The myth of multitasking

6/7/2010 2:04:00 PM



The New York Times today ran an article about our obsession with technology and the impact it's having on everything from relationships with family members to our ability to focus on any one task for more than a few minutes at a time.

Entitled Hooked on Gadgets, and Paying a Mental Price, the article is long, which is ironic given the subject matter. Based on its own observations, most technophiles won't have the attention span to get past the first few paragraphs! That would be a shame, as the article contains a wealth of information and up-to-the-minute research on how technology is changing the way we think and act.

"Technology is rewiring our brains," said Nora Volkow, director of the National Institute of Drug Abuse and one of the world's leading brain scientists. This can be beneficial when it comes to selectively identifying and accumulating information, but researchers worry about the constant exposure to a multitude of media formats.

One of the by-products of the digital age is the number of people who proudly claim to be multitaskers able to perform numerous tasks at once, thereby dramatically increasing their productivity and efficiency. We might see it in ourselves or in people we work with, and we increasingly see it in our kids: their belief in their ability to do homework, listen to an iPod, watch TV and update a Facebook account, all at the same time!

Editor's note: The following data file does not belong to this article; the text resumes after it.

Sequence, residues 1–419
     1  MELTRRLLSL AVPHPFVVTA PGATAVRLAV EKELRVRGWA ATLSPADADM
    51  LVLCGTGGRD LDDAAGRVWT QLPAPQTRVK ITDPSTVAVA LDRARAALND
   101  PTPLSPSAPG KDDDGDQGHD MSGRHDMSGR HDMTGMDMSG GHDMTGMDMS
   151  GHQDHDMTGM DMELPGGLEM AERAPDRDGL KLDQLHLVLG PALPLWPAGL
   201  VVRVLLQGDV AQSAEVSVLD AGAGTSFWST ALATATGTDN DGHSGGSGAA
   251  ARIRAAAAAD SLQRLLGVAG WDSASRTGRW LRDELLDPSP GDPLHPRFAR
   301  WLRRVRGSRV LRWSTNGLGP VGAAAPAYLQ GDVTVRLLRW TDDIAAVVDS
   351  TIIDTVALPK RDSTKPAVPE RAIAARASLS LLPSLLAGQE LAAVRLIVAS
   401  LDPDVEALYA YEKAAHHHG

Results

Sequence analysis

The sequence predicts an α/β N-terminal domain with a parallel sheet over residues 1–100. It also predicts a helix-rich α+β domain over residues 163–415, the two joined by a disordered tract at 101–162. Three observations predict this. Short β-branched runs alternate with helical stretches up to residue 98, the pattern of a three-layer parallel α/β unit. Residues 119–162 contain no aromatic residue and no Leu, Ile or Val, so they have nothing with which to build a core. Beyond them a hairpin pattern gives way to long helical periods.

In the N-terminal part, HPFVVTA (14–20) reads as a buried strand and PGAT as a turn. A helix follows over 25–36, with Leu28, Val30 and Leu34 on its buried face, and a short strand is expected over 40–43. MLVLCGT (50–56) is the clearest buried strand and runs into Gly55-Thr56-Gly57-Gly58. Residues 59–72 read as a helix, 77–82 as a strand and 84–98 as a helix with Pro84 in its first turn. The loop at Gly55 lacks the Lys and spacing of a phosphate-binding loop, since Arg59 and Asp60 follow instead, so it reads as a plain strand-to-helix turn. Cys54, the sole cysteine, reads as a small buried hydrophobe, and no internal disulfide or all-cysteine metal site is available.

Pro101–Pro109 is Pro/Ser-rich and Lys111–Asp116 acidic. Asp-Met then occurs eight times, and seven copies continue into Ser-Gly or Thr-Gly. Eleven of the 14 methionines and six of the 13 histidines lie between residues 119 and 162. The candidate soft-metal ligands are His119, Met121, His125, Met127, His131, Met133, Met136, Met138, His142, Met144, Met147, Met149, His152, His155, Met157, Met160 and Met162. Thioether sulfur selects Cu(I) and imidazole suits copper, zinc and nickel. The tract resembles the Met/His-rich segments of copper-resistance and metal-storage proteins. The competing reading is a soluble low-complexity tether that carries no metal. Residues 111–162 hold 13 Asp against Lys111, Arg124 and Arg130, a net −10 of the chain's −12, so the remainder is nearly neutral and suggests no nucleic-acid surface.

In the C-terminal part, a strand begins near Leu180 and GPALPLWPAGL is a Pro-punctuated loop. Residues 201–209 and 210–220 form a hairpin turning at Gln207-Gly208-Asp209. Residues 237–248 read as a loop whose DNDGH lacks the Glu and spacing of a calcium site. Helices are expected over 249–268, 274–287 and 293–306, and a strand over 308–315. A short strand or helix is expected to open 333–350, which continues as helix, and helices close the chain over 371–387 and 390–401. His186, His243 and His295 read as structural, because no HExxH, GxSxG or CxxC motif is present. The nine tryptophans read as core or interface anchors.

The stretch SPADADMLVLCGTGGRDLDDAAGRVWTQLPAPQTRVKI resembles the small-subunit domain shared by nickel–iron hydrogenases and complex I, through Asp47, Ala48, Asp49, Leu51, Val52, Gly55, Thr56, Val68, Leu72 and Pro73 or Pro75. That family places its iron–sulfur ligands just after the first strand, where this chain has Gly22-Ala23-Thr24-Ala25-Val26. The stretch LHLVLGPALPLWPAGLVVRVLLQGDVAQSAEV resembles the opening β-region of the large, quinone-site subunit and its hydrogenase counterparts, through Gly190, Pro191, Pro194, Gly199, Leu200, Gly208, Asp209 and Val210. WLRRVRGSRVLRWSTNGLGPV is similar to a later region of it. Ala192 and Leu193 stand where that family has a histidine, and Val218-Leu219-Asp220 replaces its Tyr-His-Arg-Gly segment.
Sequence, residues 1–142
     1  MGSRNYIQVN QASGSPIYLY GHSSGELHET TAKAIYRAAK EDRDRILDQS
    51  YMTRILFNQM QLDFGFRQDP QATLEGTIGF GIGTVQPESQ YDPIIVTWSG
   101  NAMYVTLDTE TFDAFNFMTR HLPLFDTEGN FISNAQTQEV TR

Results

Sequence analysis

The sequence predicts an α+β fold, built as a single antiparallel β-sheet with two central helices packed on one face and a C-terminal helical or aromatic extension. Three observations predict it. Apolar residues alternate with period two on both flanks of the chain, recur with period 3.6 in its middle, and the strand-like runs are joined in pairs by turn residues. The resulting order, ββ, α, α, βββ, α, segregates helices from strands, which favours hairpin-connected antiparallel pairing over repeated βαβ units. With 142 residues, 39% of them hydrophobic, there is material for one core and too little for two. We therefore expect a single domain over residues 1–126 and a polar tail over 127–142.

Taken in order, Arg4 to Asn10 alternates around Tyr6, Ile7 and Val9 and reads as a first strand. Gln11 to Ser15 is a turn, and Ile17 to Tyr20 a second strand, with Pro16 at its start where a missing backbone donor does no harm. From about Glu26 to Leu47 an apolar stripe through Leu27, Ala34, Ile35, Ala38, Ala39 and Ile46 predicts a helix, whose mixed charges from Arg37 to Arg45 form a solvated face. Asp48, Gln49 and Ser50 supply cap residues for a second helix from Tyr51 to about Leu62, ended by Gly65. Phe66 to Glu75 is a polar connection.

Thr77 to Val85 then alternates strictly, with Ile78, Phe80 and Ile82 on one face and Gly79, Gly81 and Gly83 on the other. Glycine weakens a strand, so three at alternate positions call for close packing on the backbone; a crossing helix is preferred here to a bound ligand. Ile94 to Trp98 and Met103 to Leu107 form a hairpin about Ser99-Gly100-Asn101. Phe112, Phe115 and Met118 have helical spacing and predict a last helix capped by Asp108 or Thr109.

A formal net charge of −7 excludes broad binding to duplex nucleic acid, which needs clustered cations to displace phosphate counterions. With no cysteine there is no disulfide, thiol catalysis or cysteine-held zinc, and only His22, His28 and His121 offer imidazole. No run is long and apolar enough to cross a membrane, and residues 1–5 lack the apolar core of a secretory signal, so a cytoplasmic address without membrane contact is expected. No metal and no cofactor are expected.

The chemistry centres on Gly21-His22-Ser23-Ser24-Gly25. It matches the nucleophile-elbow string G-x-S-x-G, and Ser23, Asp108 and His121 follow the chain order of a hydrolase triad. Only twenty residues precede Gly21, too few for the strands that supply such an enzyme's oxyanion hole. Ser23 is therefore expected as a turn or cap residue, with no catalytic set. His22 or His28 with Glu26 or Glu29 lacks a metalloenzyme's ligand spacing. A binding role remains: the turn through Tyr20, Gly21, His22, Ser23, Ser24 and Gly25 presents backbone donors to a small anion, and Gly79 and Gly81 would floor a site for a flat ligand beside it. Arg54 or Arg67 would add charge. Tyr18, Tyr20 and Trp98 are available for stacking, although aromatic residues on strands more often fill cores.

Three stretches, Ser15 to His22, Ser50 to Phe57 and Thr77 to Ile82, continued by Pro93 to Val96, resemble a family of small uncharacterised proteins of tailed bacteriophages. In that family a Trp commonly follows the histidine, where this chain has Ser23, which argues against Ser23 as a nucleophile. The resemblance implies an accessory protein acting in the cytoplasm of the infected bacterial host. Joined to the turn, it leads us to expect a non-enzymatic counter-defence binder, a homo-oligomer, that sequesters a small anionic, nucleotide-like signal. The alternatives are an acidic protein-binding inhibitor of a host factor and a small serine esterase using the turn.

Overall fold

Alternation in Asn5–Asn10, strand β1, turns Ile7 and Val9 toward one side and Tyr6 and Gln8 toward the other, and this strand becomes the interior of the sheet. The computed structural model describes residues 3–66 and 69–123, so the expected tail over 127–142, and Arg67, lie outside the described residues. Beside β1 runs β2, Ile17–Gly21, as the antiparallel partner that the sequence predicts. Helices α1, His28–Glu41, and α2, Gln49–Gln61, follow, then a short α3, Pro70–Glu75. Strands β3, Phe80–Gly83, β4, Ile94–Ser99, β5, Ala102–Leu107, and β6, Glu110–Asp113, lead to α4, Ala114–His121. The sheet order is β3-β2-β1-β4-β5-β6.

However, the Times article cites compelling research that suggests that multitaskers are not quite the super-efficient overachievers they claim to be. When faced with tests that required them to filter out irrelevant information and juggle effectively between multiple tasks, it turns out that multitaskers performed significantly worse that non-multitaskers!

Try these tests for yourself. The New York Times has a game that tests how well you filter out distractions, as well as a game that tests how well you switch between various tasks.)

Other research has shown that some people can indeed juggle multiple information streams but these "supertaskers" represent less than 3 percent of the population. For the rest of us, reaching for an iPhone or a BlackBerry should be seen for what it is: a serious distraction from whatever else we are doing, whether it's enjoying a family meal, driving a car, or just talking with our kids.


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